You can also go deeper in terms of permission structure. Do you have different types of files (or entities, to be more general)? Do you want to enable certain file types based on the user‘s license? Let’s take the above example and make it slightly more powerful:

const mappings = new Map();  mappings.set(   actions.EXPORT_FILE,   new Map([     [types.PDF, [licenses.FREE, licenses.PAID]],     [types.DOCX, [licenses.PAID]],     [types.XLSX, [licenses.PAID]],     [types.PPTX, [licenses.PAID]]   ]) );

This adds a whole new level to our permission checker. Now, we can have different types of entities for one single action. Let‘s assume that you want to provide an exporter for your files, but you want your users to pay for that super-fancy Microsoft Office converter that you’ve built (and who could blame you?). Instead of directly providing an array, we nest a second Map inside the action and pass along all file types that we want to cover. Why using a Map, you ask? For the same reason I mentioned earlier: it provides some friendly methods like .has(). Feel free to use something different, though.

With the recent change, our hasLicense function doesn’t cut it any longer, so it’s time to update it slightly:

function hasLicense(user, file, action) {   if (!user || !file) {     return false;   }    if (mappings.has(action)) {     const mapping = mappings.get(action);      if (mapping.has(file.type)) {       return mapping.get(file.type).includes(user.license);     }   }    return false; }

I don’t know if it’s just me, but doesn’t that still look super readable, even though the complexity has increased?

Testing

If you want to ensure that your app works as expected, even after code refactorings or the introduction of new features, you better have some test coverage ready. In regards to testing user permissions, you can use different approaches:

  • Create snapshot tests for mappings, actions, types, etc. This can be achieved easily in Jest or other test runners and ensures that nothing slips unexpectedly through the code review. It might get tedious to update these snapshots if permissions change all the time, though.
  • Add unit tests for hasLicense or hasPermission and assert that the function is working as expected by hard-coding some real-world test cases. Unit-testing functions is mostly, if not always, a good idea as you want to ensure that the correct value is returned.
  • Besides ensuring that the internal logic works, you can use additional snapshot tests in combination with your constants to cover every single scenario. My team uses something similar to this:
Object.values(actions).forEach((action) => {   describe(action.toLowerCase(), function() {     Object.values(licenses).forEach((license) => {       it(license.toLowerCase(), function() {         expect(hasLicense({ type: 'PDF' }, { license }, action)).toMatchSnapshot();         expect(hasLicense({ type: 'DOCX' }, { license }, action)).toMatchSnapshot();         expect(hasLicense({ type: 'XLSX' }, { license }, action)).toMatchSnapshot();         expect(hasLicense({ type: 'PPTX' }, { license }, action)).toMatchSnapshot();       });     });   }); });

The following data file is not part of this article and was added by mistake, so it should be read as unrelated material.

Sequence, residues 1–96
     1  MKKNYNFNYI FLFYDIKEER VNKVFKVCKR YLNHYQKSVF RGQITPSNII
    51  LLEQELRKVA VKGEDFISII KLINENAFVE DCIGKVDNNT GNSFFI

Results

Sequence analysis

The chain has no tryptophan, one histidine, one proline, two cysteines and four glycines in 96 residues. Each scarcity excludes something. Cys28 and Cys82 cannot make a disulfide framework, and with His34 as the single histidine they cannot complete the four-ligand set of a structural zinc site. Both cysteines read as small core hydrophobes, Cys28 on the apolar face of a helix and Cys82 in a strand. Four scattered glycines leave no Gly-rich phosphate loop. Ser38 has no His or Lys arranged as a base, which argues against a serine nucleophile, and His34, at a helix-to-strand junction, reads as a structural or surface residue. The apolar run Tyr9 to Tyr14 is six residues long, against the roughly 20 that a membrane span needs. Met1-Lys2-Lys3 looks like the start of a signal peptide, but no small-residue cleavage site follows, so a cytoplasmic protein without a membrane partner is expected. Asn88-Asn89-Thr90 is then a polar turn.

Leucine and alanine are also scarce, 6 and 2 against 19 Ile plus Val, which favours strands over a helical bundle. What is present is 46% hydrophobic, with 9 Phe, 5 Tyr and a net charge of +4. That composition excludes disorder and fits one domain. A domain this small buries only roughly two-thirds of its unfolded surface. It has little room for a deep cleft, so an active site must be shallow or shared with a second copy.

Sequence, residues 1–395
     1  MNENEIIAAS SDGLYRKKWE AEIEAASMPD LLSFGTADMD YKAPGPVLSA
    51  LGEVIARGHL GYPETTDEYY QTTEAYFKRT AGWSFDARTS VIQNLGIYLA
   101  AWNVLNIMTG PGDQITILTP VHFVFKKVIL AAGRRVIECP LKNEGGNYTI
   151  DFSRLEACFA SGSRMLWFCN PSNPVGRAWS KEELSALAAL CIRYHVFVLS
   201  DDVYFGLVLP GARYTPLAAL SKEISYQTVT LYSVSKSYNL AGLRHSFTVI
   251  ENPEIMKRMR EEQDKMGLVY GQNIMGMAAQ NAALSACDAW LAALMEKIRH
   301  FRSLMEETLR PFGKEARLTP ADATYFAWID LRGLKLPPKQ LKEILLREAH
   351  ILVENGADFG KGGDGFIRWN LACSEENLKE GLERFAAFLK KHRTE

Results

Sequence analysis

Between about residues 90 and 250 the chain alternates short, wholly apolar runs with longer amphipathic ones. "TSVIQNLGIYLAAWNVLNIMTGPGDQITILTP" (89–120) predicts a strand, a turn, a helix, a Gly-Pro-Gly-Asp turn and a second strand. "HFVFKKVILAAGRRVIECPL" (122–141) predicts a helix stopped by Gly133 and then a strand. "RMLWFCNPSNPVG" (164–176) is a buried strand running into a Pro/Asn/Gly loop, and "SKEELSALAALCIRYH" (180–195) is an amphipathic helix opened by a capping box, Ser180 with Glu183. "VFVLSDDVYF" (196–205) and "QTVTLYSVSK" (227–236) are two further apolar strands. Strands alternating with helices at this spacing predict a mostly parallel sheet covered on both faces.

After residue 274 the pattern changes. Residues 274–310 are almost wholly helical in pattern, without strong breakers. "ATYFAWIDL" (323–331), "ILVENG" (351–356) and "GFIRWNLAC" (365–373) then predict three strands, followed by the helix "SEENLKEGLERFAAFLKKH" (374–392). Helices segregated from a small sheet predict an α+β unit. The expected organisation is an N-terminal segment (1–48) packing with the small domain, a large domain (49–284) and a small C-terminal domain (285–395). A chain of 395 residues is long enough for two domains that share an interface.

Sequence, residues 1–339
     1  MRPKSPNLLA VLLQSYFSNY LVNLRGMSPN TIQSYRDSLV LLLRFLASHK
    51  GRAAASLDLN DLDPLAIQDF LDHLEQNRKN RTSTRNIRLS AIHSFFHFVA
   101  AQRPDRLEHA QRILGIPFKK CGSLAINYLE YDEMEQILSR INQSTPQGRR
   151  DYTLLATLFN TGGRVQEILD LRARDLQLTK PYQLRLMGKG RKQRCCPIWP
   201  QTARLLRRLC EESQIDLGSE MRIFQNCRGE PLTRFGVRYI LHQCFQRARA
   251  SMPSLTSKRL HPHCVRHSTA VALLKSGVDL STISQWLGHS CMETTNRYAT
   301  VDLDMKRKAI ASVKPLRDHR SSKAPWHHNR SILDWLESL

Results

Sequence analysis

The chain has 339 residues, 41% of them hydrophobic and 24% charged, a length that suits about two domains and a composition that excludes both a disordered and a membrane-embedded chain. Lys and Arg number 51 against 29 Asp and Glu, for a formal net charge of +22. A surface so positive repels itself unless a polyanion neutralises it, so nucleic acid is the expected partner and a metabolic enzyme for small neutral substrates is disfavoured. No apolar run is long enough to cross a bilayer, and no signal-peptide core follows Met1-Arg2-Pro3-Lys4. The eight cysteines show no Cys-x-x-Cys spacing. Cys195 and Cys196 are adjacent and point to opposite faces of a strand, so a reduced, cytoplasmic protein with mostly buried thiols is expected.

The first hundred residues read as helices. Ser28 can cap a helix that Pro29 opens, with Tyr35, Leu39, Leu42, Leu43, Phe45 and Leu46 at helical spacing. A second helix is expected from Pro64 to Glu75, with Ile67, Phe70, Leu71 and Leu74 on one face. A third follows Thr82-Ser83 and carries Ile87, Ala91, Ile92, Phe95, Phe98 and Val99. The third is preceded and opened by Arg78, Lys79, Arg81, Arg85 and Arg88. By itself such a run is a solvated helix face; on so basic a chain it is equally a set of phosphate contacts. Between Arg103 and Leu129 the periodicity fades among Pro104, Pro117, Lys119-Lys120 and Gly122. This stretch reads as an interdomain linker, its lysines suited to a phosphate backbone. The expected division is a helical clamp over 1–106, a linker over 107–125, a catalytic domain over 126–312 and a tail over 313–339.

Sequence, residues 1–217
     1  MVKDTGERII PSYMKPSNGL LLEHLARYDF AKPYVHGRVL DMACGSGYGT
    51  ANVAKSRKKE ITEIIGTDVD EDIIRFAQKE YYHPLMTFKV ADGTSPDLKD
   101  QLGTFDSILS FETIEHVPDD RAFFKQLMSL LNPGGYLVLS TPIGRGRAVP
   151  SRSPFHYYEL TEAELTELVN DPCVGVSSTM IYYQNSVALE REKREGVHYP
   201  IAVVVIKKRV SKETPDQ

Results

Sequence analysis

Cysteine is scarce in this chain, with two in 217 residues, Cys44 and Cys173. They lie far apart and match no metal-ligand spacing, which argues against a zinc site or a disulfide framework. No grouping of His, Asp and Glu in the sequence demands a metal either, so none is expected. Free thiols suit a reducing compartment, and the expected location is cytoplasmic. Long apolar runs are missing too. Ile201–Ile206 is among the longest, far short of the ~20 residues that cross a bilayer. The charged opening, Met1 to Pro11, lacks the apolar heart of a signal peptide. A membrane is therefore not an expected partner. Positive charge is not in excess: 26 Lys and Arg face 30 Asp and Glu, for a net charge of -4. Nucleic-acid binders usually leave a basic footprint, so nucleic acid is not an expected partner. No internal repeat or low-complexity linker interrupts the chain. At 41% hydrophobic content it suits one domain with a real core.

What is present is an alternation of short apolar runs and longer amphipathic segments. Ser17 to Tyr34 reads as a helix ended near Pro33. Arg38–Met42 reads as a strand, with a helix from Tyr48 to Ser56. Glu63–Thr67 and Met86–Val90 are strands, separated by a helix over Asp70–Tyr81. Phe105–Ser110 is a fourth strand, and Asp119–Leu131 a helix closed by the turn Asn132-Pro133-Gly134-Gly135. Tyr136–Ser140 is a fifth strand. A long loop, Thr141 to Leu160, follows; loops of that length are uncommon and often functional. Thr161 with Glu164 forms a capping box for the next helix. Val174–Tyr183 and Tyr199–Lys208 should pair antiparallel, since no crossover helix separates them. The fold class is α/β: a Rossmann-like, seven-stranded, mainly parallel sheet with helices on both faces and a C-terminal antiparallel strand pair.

But again, there’re many different personal preferences and ways to test it.

Conclusion

And that’s it! I hope you were able to gain some ideas or inspiration for your next project and that this pattern might be something you want to reach for. To recap some of its advantages:

  • No more need for complicated conditions or logic in your UI (components). You can rely on the hasPermission function’s return value and comfortably show and hide elements based on that. Being able to separate business logic from your UI helps with a cleaner and more maintainable codebase.
  • One single source of truth for your permissions. Instead of going through many files to figure out what a user can or cannot see, head into the permissions mappings and look there. This makes extending and changing user permissions a breeze since you might not even need to touch any markup.
  • Very testable. Whether you decide on snapshot tests, integration tests with other components, or something else, the centralized permissions are painless to write tests for.
  • Documentation. You don’t need to write your app in TypeScript to benefit from auto-completion or code validation; using predefined constants for actions, roles, licenses, and such can simplify your life and reduce annoying typos. Also, other team members can easily spot what actions, roles, or whatever are available and where they are being used.

Suppose you want to see a complete demonstration of this pattern, head over to this CodeSandbox that plays around with the idea using React. It includes different permission checks and even some test coverage.

What do you think? Do you have a similar approach to such things and do you think it’s worth the effort? I am always interested in what other people came up with, feel free to post any feedback in the comment section. Take care!


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Recipe websites, data modeling, and user experience

Simeon Griggs with some nice UX ideas for a recipe website:

  • No math. Swap between units and adjust servings on-the-fly.
  • Offer alternative ingredients.
  • Re-list the ingredient amounts when they’re referenced in the instructions.

I totally agree, especially on that last one:

Of all our improvements I think this is my favourite.

A typical recipe layout contains ingredients with amounts at the start. Then, a bullet point list of instructions to perform the method.

The method though typically does not reference those amounts again, so if you don’t prepare all your amounts ahead of time (which is what you’re probably supposed to do but come on who does that) you’ll have to keep scanning back and forward.